15 Simply (But Often Difficult) Courageous Goals for Charging Our Hearts

This month, I’m teaching Homer’s Odyssey for the last time in a great while.  My freshmen know the Hero Journey, the Greek hospitality code of xenia, and the value of nostos (or homecoming), and are learning life lessons about survival and courage from the adventures of Odysseus, his son Telemachus, and his partner Penelope, each of whom references “the heart inside me” many times, a way of expressing their emotions, whether joy or sadness, nostalgia or fear.  They also know the etymologies of the word “courage”–which derives from the French coeur, or “heart”–and of the word “survive”–which derives from the Latin supervivere, or “to live beyond.”

On Friday the 13th this month, I had the pleasure of attending the American Heart Association’s Go Red for Women luncheon in the Grand Ballroom of The Pfister.  You may know Go Red for Women from their iconic red dress logo.  A red dress might seem a far cry from the Greek armor of an ancient epic hero fighting Laestrygonian cannibals, outwitting the fearsome Cyclops, or traversing the deadly Scylla and Charybdis, but maybe not: the red dress symbolizes the work the AHA is doing to educate women, raise awareness, and expand research into the leading killer of women in the country: heart disease.  This afternoon, thanks to the enthusiastic leadership of director Laura Bolger, the Passion Committee, Little Hats, Big Hearts, and many others, the ballroom was a sea of red, a powerful image of solidarity and coeur.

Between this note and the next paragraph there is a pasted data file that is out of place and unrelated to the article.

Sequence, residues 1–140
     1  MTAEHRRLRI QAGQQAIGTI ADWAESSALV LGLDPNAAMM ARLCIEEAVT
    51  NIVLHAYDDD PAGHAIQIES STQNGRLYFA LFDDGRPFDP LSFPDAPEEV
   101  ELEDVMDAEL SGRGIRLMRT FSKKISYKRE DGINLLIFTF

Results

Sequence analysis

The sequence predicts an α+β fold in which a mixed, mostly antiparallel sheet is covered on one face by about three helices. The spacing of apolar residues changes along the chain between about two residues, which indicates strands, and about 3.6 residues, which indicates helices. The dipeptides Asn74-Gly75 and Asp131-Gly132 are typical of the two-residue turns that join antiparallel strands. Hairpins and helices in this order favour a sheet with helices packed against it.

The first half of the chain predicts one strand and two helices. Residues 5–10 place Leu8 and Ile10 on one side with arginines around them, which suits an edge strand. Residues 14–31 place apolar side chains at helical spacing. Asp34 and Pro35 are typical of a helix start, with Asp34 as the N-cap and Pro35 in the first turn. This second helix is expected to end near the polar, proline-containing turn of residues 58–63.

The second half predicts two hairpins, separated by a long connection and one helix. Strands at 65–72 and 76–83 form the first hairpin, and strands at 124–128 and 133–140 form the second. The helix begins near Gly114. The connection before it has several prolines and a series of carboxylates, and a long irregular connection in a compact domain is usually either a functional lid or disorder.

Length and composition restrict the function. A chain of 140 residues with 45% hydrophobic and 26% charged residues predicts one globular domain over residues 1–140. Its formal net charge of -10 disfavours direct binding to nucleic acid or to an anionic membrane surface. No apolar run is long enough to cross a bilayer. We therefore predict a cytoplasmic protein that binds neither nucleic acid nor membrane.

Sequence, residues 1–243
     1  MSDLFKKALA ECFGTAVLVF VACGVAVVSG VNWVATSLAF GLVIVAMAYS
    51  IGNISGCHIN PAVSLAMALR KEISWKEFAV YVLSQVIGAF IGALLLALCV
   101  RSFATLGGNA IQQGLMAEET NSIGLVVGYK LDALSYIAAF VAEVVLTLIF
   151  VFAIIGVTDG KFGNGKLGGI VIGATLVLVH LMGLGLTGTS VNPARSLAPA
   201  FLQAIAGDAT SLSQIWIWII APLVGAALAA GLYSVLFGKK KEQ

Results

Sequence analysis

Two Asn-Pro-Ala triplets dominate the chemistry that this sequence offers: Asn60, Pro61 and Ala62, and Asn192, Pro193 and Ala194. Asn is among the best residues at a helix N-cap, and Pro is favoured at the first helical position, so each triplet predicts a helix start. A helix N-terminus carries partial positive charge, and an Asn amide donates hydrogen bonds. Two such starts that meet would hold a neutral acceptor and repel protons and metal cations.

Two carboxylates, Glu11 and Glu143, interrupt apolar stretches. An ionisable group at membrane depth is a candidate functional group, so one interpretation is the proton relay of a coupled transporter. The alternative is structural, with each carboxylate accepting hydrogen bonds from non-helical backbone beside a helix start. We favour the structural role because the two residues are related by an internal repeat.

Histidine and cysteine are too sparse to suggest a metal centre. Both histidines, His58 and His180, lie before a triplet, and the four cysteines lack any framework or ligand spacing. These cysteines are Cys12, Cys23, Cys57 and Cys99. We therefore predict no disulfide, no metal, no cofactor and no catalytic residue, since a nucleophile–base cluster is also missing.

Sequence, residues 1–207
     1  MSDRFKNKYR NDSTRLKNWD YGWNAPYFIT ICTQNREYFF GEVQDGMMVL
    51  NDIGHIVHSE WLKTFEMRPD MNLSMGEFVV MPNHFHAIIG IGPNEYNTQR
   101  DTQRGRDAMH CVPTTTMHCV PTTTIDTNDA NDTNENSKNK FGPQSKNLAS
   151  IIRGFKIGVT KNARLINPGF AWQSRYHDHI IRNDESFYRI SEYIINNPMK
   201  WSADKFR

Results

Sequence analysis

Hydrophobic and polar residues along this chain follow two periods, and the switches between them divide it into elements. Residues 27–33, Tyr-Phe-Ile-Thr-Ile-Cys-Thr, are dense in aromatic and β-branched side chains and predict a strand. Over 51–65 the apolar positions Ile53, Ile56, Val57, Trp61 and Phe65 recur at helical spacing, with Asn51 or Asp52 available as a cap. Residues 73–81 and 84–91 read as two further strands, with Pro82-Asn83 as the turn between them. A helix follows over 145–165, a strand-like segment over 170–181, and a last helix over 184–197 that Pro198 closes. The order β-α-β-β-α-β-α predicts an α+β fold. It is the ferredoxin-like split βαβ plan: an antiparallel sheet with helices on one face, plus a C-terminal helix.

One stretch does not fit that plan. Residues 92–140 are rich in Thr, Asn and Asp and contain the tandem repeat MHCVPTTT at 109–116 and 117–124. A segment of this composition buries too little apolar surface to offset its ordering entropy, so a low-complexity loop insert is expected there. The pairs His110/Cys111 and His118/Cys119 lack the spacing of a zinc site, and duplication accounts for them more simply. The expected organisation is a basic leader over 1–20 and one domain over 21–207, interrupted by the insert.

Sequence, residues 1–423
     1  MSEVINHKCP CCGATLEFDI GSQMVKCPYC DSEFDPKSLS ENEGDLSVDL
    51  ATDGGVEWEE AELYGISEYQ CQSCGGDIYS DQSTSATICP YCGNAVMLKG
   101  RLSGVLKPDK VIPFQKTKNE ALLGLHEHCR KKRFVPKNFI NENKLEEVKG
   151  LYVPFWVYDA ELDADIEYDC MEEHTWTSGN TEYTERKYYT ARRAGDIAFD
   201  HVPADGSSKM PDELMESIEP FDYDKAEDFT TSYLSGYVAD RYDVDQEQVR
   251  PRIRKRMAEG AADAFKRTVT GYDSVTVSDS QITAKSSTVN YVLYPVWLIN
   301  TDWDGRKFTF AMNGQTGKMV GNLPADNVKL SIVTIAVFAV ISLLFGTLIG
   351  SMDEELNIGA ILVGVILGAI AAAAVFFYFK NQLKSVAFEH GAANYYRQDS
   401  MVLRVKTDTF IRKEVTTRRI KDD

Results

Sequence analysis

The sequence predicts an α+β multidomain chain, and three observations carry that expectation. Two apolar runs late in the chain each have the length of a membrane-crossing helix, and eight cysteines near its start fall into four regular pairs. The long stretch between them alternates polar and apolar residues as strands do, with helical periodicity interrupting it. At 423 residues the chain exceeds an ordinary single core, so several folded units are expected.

Over a delicate chicken salad with black beans and tortilla strips, then over champagne and chocolate-covered strawberries up in Blu, I learned that “more than 2 million women have learned their personal risk of developing heart disease” and “more than 900,000 women have joined the fight” against a disease that even at the beginning of this century was often dismissed as an “old man’s disease.”  I also learned how important knowing four little numbers is for preventing heart disease for women (and men): blood pressure, cholesterol, blood sugar, and body mass index.  Every woman I spoke to–whether a heart disease survivor or someone with a family member who died of heart disease or someone who was there simply to support the effort–mentioned these all-important numbers.